I was having a bad time getting my rhythm on the Rings.  I almost gave up 5 times.  But I watched Rasta Man.  He inspired me.  And he came over when I looked defeated.  He gave me pointers on getting momentum to move “effortlessly” from Ring to Ring.  So, I tried to do what he said.

Then a couple came along.  A perfectly normal woman, with a total dweeby boyfriend — maybe, to give her credit, a blind date.  They were at the other side of the rings.  The DWEEB, with black sneakers, black socks up above his calves and black polo shirt and shorts, beckoned me to go first, in an impatient sort of way.

I shout:  “Don’t worry, I won’t make it to the second Ring!! So, I will be clear of the Rings when you make it over here!!”

The DWEEB grabbed two Rings and tried to lift himself up.

Count with me:  One mississippi, two mississ —-


“This is hard!”

I couldn’t hold back:  “No SHIT, Sherlock.”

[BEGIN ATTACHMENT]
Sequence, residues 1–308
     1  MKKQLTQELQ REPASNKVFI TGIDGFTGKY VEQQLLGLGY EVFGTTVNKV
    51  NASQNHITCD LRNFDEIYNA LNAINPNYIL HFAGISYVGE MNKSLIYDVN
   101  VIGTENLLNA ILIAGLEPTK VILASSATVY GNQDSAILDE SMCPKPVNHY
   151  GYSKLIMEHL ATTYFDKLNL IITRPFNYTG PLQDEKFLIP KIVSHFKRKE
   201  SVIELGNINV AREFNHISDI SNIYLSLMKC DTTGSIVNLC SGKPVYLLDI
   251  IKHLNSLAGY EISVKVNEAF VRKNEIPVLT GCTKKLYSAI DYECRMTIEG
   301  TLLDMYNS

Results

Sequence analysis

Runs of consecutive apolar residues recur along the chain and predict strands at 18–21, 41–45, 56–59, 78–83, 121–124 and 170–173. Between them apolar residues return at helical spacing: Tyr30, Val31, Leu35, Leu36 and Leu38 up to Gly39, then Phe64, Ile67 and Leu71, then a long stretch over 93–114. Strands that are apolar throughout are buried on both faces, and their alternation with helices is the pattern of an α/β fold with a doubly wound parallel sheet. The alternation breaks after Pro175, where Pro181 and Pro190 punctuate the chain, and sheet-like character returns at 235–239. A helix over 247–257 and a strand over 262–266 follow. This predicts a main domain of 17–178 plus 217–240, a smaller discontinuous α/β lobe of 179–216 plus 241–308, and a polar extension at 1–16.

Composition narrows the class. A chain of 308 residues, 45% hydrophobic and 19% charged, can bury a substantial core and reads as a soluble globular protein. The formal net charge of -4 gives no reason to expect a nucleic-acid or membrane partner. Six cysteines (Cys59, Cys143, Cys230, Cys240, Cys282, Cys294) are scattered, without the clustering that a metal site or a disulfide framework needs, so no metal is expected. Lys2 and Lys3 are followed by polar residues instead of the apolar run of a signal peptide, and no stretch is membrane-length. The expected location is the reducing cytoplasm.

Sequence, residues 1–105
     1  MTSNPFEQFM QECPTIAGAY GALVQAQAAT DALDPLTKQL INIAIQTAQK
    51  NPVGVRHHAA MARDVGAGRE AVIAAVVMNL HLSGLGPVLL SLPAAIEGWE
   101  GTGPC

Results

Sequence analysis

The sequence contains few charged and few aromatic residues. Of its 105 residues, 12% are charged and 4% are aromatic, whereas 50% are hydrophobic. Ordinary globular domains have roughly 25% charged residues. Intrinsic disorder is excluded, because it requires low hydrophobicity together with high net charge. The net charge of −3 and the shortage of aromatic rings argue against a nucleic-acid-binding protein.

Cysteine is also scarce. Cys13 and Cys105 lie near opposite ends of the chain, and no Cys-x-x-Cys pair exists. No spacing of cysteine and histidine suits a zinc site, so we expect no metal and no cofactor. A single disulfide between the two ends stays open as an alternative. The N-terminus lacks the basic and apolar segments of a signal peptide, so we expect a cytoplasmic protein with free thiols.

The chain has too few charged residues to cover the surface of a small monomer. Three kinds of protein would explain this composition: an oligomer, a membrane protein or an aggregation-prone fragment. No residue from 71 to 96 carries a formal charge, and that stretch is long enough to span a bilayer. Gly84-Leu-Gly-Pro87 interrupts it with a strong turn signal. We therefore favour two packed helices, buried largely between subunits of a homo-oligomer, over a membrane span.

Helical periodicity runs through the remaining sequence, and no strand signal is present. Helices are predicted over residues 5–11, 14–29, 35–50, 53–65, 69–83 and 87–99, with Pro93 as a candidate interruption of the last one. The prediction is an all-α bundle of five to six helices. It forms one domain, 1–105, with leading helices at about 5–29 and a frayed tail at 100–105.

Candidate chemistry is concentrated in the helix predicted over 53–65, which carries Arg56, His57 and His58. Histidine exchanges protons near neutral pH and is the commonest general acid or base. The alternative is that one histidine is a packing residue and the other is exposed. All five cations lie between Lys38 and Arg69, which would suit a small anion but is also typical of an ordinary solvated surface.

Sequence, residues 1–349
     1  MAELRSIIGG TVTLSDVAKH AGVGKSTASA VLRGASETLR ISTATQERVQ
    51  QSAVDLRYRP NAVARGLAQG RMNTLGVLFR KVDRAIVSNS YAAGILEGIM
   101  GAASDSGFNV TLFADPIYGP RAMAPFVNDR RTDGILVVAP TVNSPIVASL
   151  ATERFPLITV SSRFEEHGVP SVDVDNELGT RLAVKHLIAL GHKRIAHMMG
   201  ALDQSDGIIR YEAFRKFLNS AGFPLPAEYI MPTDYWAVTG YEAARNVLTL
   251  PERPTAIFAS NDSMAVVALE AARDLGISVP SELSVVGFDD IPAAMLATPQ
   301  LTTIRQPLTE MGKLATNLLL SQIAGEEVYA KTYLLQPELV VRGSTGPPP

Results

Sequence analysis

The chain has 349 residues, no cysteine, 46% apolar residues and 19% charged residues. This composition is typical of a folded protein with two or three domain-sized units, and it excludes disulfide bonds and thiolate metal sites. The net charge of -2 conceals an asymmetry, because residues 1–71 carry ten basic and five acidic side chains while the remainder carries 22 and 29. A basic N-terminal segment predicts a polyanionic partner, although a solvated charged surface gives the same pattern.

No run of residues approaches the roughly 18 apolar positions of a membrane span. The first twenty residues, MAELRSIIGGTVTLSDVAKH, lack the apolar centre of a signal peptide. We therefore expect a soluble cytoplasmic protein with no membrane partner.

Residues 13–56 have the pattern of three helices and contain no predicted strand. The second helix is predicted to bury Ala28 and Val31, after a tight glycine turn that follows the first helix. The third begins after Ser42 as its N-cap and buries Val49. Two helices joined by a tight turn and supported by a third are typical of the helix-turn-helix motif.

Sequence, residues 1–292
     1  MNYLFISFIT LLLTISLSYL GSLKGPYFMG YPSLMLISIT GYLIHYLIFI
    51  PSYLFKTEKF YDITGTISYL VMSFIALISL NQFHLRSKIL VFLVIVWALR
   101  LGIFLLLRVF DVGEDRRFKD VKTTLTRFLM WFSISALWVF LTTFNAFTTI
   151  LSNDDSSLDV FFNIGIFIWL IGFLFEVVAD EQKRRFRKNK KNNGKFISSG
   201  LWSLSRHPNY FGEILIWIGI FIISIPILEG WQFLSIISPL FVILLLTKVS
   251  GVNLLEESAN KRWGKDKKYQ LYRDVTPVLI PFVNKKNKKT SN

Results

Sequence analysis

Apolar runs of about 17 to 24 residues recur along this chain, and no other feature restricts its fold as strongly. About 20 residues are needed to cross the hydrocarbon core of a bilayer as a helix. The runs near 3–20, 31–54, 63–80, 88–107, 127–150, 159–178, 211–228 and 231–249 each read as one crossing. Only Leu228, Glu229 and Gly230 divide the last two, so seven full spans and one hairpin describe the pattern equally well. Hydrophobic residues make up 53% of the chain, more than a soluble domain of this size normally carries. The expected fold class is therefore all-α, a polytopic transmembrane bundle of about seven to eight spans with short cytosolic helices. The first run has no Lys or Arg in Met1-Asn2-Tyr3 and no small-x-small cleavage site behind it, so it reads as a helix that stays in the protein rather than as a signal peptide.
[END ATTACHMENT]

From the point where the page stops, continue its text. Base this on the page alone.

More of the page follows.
Notwithstanding my harsh comment directed squarely at the Dweeb in the sand, his date/girlfriend came over to me and gave me more pointers.

Then, she swung from Ring to Ring with the ease and grace of Tarzana.  MY HERO. 

Except for the DWEEB.


Ah, if not Lord of the Rings, at least the Fellowship of the Rings.


The Challenge

We live close to the “rings” in Riverside Park, where would-be acrobats often practice, and maintain their conditioning.


For years, I have watched people swing on them as naturally as breathing.  Every time I jumped up to grab a ring, I couldn’t hold on.  Too much upper body strength required.

I am pretty fit for being 49 and, this year, I decided that I needed to learn how to swing from ring to ring.  Like Tarzana, Queen of the Jungle.  Some people want to save the world.  Me, I just want to swing from ring to ring.  Probably no coincidence that there are the same number of rings as there are Dante’s rungs of hell.